College Football: The statistical impact of the 2018 kickoff rule

It’s been two years since the new 2018 college football kickoff rule. How have teams reacted? We will look at the stats and see.

Before the start of the 2018 season, the NCAA implemented a new kickoff rule that states that a kickoff returner may signal for a fair catch anywhere within the 25-yard line for a touchback that results in the drive starting at the 25.

The rules committee suggested this rule tweak with the goal of increasing the number of touchbacks, which in turn would hopefully decrease the number of injuries that occur during kick returns.

Now that two seasons have passed with the new rule in place, how have teams adjusted their kickoff game plans? With coaches around the country being so centered around efficiency (and hopefully player safety), have they taken the free extra five yards for a guaranteed start at the 25 yard-line and little risk of injuries? Or is the prospect of a big momentum-changing return too attractive to pass up?

Let’s take a look at the numbers and see.

Before getting started, a word on the methodology of the data. All data was obtained from cfbstats.com and covers from the 2013 to the 2019 seasons. This provides five years of data prior to the rule change and two years of data after.

The data covers only FBS teams, but due to teams each season either moving up to FBS or down to FCS, a consistent 123 team sample was maintained by removing the following teams: Idaho, Appalachian State, Georgia Southern, Old Dominion, Charlotte, UAB, Coastal Carolina, and Liberty. Sorry, folks (except you, Liberty).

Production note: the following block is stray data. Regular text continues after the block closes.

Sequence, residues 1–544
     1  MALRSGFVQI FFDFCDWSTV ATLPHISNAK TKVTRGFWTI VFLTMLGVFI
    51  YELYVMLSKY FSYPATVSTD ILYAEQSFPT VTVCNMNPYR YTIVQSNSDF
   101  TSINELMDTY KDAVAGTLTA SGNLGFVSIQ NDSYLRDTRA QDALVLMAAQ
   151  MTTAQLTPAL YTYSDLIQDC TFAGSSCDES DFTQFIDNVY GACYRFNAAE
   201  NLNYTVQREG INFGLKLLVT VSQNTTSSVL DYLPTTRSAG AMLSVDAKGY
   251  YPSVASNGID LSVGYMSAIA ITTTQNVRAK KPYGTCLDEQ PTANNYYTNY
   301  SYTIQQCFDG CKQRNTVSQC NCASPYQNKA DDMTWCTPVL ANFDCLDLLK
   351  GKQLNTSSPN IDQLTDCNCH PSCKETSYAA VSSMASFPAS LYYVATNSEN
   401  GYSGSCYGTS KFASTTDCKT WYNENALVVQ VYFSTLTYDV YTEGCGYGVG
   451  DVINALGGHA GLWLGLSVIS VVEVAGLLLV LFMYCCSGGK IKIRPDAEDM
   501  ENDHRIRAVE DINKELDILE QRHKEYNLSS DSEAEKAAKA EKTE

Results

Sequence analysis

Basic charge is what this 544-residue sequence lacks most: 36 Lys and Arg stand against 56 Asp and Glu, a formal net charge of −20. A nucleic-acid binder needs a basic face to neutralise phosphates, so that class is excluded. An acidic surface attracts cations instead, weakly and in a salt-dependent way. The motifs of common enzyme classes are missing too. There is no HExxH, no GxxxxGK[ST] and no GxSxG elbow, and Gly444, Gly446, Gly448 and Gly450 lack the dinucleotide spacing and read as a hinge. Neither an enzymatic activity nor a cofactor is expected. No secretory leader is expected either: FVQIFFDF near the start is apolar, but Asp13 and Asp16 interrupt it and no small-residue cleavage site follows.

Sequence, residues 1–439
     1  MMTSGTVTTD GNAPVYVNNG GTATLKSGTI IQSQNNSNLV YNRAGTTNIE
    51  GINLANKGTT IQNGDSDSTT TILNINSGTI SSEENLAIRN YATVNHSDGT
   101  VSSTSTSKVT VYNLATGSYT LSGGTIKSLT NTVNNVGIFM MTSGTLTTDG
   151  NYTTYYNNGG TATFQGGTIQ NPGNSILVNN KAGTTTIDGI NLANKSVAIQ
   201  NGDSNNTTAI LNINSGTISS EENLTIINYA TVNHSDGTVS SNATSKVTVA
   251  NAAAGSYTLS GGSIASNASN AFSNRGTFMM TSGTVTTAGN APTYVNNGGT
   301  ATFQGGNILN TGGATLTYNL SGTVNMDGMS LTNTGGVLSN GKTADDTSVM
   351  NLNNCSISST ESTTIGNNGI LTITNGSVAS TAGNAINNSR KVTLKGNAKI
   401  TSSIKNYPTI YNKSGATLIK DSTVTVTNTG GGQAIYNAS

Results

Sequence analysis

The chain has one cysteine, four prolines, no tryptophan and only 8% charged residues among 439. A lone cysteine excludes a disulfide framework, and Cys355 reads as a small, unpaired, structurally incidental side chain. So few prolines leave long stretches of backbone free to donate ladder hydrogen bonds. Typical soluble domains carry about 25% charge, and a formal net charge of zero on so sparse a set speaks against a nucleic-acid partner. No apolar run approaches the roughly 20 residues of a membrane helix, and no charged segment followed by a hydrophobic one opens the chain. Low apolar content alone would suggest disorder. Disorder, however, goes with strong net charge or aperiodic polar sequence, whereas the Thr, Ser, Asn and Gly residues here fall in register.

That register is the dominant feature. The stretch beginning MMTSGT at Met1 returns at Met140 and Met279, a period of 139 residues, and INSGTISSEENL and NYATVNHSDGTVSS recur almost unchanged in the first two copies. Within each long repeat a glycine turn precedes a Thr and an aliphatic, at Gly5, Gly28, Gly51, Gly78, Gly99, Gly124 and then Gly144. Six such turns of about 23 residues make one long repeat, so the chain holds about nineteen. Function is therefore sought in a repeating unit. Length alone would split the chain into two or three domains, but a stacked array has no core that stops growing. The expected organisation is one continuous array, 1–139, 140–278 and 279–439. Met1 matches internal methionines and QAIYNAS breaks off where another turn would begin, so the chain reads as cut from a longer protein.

Kick Returns

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In general, the number of kick returns have steadily declined for a while now due in large part to the increased emphasis on player safety, but also due to coaches wanting to take the free guaranteed yardage to start out a drive. This is apparent in the graph above, but it is also easy to see that the largest drop off in average returns per game was after the rule change.

Before the rule change, teams averaged 3.11 returns per game. After, that average has dropped to 2.60 returns per game. This may not seem like a large drop, but there is already a limited number of kickoffs in each game so a decrease of over a half of a return is still telling.

As you would expect, this also led to a dramatic decrease in the average return yardage gained per game since there is just less returns happening. Average return yardage has dropped from 65.88 yards per game to 48.19 yards per game after the change.

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Interestingly, the total number of kick return touchdowns plummeted from 2017 to 2018 following the rule change, but saw a major increase again back to almost pre-2018 normals in 2019. This is most likely due to just how volatile kick returns are.